In reaching its decision, the EBA considered amicus briefs filed in support of both sides that essentially echoed the current debate in the U.S., i.e., notice to third parties vs. incentives to innovation. The European patent bar, not surprisingly, weighed in on the side of late claiming and more liberal divisional rules. Interestingly, the President of the EPO also submitted comments in support of the traditional practice, in contrast with the situation in the U.S., where the PTO and patent bar have taken opposing sides in the debate. The EBA’s decision acknowledges substantial public policy concerns with allowing an applicant to maintain the pendency of a sequence of divisional applications for up to 20 years and to file new claims at anytime during that period, but concluded that if any reform is deemed necessary it must come from the legislature.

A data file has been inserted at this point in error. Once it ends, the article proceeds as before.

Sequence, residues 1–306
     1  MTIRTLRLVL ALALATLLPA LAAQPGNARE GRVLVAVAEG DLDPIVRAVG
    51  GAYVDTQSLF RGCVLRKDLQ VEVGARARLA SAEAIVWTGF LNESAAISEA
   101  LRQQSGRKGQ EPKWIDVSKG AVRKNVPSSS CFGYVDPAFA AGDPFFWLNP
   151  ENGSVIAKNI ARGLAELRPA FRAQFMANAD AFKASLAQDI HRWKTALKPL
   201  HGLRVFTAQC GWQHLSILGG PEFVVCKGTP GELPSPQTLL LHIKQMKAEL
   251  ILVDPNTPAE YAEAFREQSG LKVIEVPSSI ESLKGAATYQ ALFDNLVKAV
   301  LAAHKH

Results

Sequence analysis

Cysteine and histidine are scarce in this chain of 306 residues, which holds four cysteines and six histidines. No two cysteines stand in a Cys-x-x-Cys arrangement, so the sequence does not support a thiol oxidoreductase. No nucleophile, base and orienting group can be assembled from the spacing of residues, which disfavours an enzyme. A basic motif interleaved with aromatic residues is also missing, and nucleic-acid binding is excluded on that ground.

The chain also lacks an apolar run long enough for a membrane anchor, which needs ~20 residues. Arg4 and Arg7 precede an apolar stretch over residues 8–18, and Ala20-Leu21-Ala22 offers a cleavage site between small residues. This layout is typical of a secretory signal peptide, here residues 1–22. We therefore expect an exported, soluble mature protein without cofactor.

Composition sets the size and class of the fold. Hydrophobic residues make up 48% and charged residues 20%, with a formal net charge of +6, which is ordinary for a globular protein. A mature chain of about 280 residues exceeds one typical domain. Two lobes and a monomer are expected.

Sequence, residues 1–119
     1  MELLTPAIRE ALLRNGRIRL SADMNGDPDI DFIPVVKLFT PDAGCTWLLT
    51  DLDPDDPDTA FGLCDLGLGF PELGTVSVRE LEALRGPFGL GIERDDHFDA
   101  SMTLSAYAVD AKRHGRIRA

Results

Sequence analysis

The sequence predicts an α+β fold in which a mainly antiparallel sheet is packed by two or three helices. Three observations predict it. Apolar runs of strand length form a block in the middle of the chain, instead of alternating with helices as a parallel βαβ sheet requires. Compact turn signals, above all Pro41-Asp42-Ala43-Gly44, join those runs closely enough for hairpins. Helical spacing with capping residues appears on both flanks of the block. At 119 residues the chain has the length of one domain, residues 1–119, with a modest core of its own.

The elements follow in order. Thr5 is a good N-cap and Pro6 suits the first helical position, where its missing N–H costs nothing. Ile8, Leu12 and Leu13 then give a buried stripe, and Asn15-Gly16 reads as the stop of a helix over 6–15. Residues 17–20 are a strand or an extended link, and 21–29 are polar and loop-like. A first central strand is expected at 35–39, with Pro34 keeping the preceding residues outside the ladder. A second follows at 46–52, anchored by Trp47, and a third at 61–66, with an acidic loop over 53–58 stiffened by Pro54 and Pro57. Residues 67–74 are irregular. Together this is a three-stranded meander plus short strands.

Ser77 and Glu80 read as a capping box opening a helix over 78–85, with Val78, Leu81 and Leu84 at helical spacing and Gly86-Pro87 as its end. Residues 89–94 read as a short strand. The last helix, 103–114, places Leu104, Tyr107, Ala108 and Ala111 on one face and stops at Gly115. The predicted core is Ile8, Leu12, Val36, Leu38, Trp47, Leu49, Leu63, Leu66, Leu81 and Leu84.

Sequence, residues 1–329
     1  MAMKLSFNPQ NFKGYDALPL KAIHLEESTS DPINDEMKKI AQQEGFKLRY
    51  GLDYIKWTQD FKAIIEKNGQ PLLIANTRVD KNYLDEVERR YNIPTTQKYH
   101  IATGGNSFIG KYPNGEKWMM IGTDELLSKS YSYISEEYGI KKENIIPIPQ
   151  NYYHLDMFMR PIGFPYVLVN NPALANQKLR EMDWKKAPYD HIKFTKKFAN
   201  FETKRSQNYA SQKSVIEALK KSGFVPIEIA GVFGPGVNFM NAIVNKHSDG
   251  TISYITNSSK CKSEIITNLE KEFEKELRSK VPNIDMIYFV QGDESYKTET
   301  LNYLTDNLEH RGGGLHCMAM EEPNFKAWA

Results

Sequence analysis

Perhaps the U.S. could learn from the experiences of Japan and Europe. While late claiming does raise public policy concerns, particularly with respect to notice to third parties, it also plays a critical role in incentivizing innovation in important industries such as biotechnology and pharma. These competing effects need to be balanced. The rule changes would have a substantial impact on the rights of patent applicants, and the PTO should acknowledge this rather than seeking to make substantive policy under the guise of procedural rulemaking. Perhaps it would be beneficial to impose some sort of restriction on late claiming, but if so we should be up front about it and consider reforms that address the issue directly, rather than through arbitrary restrictions on continuation filings. Moreover, substantive changes to patent law of this nature should emanate from Congress rather than the PTO, at least until Congress decides to confer substantive rulemaking authority on the Office.